As goods and services are no longer demanded, companies will tend to lay off their employees and the income of employees and the self-employed will begin to be reduced. The data reported to this day indicate that these events as well as cancellations and holiday rescheduling are already taking place in Mexico’s tourism sector, which has resulted in layoffs. In Quintana Roo, 40 % of the employees in the sector are expected to be laid off.

It is an external crisis; the effects and recovery times depend on the conditions of the economies. As citizens, we can help maintain consumption in local businesses since, it is estimated that the sectors most affected by COVID-19 will be grocery trade, food and beverage preparation, beauty salons and clinics, stationery, hotels and other lodging services, and transport, among others, that until the 2018 Economic Census occupied 26.5 million people. Today more than ever, we must “buy local”, although for this purpose companies have to implement changes associated with social distancing, as home delivery.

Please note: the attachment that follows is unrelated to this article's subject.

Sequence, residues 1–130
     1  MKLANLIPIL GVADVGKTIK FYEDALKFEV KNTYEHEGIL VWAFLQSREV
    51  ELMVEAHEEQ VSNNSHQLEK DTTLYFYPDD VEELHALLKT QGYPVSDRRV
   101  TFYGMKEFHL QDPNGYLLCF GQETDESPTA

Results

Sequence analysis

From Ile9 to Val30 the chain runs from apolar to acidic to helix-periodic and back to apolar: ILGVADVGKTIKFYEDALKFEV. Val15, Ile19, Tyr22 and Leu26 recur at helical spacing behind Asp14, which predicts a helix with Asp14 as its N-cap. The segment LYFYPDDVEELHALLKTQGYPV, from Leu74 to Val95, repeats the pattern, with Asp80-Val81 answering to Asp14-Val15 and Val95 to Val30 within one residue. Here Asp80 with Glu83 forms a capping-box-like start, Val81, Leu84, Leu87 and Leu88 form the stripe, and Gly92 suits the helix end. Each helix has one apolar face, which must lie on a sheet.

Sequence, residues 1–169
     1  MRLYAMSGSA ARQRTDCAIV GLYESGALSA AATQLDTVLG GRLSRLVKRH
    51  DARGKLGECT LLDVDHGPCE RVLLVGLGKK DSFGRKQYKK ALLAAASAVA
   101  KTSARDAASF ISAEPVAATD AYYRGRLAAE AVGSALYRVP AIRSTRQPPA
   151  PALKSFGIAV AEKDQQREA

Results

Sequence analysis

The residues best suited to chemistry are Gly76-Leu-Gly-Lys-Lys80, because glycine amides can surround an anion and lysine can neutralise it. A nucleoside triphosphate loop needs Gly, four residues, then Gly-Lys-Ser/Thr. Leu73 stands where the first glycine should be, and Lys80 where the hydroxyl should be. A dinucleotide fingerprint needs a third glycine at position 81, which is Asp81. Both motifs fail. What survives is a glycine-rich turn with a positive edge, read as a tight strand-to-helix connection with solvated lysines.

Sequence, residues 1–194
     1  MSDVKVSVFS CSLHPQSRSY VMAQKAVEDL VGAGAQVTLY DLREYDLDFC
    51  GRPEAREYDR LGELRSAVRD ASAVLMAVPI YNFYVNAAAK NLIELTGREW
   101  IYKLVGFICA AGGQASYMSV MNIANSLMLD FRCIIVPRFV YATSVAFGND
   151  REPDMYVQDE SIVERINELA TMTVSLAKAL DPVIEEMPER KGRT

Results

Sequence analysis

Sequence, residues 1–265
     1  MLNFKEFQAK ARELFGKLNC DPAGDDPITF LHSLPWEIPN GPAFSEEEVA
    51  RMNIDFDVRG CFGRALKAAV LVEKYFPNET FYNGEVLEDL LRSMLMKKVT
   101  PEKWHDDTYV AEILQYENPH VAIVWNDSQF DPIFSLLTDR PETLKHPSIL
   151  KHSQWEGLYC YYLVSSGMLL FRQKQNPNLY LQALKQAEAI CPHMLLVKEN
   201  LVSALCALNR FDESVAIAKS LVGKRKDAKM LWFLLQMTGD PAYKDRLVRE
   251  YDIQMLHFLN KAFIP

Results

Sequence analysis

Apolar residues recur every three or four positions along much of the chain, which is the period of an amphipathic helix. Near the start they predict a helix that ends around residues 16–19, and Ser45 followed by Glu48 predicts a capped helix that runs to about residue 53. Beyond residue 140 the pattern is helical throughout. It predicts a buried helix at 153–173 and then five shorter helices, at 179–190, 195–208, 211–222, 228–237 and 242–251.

fn1Cite this paper: Girón-Pérez, M.I., Barrón-Arreola, K.S., RojasMayorquín, A.E. (2020). The COVID-19 pandemic: impact in Health and Economy. Revista Bio Ciencias, 7, e963. doi: https://doi.org/10.15741/revbio.07.e963

References
1.
2.
3.
4.
5.
6.
7.
8.

Enlaces refback

  • No hay ningún enlace refback.